Maximizing Your Laundromat’s Security

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Maximizing Your Laundromat’s Security (Part 1)

Pointers from Paulie B: Tips for tightening things up in and around your store

GLENDALE, Ariz. — During my career, I saw years when we had relatively low crime, and years when crime was rampant. I learned a lot (the hard way) from those bad years, especially the 1980s when drugs were everywhere in New York.

The best security requires that you make everyone think that your security is sooo good, they’ll choose an easier target. And I mean everyone! The bad guys, the public at large, your customers and your own employees.

Why everyone? Because they will find your weak spot. Your customers or employees may make deals with certain bad guys that they may know. They call them “contracts” in NYC: “Hey, my friend, you want an easy hit? My laundromat doesn’t have any cameras, they close at 10 p.m., and their security is weak. If you do a hit, I’ll get 25% for the contract, right?” Or, “My mat’s owner comes to collect the money every Monday, Wednesday and Saturday, at around 11 in the morning. He has a black Honda. You can get him in the parking lot when he leaves.”

Here are some tips for keeping your store secure:

Employees — Always change your alarm codes and entry locks whenever an employee gets fired, quits, or retires.

Individual alarm codes should be given to each employee so your system can identify who’s opening and who’s closing your mat, and when. Instruct them to never give their code to another employee, because they could get “set up” by someone else using their code. Consider it just as important as a password for their bank.

Decoys, Decoys, Decoys! — There’s a special place in my heart for any surprise that frustrates the criminals.

Back in the ’80s, I had one mat where there were drug dealers outside 24/7. Before leaving my mat with coins, I would put them in a bag, then put that in a bag filled with laundry so I could walk out undetected.

Now, how do you protect it when a robber sticks a pistol in your employee’s face, demanding that he/she hand it over? And the employee has no keys to open it up! How do you defuse this? How do you protect that worker?

No problem! Just keep an old computer, DVR, or hard drive behind the counter. Make sure it lights up. Then, if there is a robbery or burglary, let the criminals take it so they can leave without hurting anyone. I especially like attaching a sign, “Video Hard Drive. Do NOT touch!”

You can do the same with a small safe. Put a few bucks in it. Don’t bolt it down. Let them take it, while your real money is somewhere else.

Is your surveillance or Wi-Fi equipment protected in a locked “safe space”? Good!

Alarm Systems — Old phone-based systems are highly vulnerable. All that’s needed is to cut the phone lines that are outside your building. If you can’t protect the wiring to/from your building, you can try a system that sends out a cellphone-type call to your central station monitor. If you use a wireless alarm system, hackers can intercept it, but I’m thinking this is unlikely.

Protect the wiring to your building, including the cable lines that connect to your Wi-Fi. I’ve seen criminals cut the phone/cable lines a few times to prevent the system from sending out signals.

Oh, and make sure nobody can fool around with your electric power as well.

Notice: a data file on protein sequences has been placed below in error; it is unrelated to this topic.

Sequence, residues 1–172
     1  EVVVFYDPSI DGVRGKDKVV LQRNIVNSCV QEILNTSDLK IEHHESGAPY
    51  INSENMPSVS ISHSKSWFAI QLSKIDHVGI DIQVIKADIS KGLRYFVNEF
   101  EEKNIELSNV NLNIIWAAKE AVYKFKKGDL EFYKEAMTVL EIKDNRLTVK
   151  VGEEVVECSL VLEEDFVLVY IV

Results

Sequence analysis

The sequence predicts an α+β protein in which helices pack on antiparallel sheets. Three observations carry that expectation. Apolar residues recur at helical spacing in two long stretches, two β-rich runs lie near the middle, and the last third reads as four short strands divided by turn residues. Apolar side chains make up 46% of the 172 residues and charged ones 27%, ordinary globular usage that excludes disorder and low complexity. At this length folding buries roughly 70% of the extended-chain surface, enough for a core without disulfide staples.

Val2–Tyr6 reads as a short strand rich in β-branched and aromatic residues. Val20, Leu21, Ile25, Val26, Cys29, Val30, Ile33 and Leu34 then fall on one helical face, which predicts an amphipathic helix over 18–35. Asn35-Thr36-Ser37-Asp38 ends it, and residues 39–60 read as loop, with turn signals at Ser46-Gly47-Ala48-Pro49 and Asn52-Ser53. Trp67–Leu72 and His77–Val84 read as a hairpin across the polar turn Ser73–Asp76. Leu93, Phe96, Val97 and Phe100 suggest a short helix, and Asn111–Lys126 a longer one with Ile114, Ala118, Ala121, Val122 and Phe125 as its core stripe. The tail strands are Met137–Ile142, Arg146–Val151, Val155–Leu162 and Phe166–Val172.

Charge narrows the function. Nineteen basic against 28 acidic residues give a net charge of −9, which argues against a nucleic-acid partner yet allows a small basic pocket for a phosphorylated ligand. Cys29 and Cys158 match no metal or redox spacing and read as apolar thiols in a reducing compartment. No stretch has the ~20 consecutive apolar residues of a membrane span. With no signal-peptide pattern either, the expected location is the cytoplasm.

Locking Doors — Lock your doors from the inside after closing. Since mats have lots of ductwork on the roof, some perpetrators will enter through the roof. I had already placed lighting on my roof to discourage that, but one time a perp broke in anyhow. Only this time, all my precautions worked. He triggered two motion detectors on the way down.

We had our “night lights” on, and a roll-down grille as opposed to roll-down shutters on our storefronts, so the NYPD did a pass-by. They looked into the mat and saw our drop ceiling was hanging down at one spot, so they also broke in to send two police dogs inside first. The dogs found the culprit hiding behind a bank of dryers. Because we had locked all our doors from the inside, he couldn’t get out!

It cost him two years in jail. When he got out, we were issued an order of protection from him, but he never bothered us again.

Clear Your Windows — Make sure you keep your windows as clear as possible with 24-hour lighting. Install roll-down grilles. Bad guys don’t like a lot of light, and the grilles allow patrols to see inside. It might make someone nervous enough to choose an easier target. It also doesn’t hurt that you’ll be showing off your mat every night to potential customers.

Install a Drop Safe — Don’t let easy access to cash to build up. Installing a safe protects your employees and your cash.

Make sure you have signs in the two predominant languages for your area that state, “Money is removed from the store every few hours. Employees don’t have access to cash,” or something similar.

Make sure that this safe is bolted down!

Add a PA System — A PA—public address—system is a handy way to remind people that you are watching….even when you aren’t there. Many surveillance systems allow you to not only see what’s going on in your mat, you can add microphones and speakers. Some cameras have that feature built in now.

This is handy for attended mats, but it’s really helpful for unattended mats! A PA system throws them off-balance when you announce something and give an impression of authority.

Check back Thursday for the conclusion!

Have a question or comment? E-mail our editor Bruce Beggs at [email protected].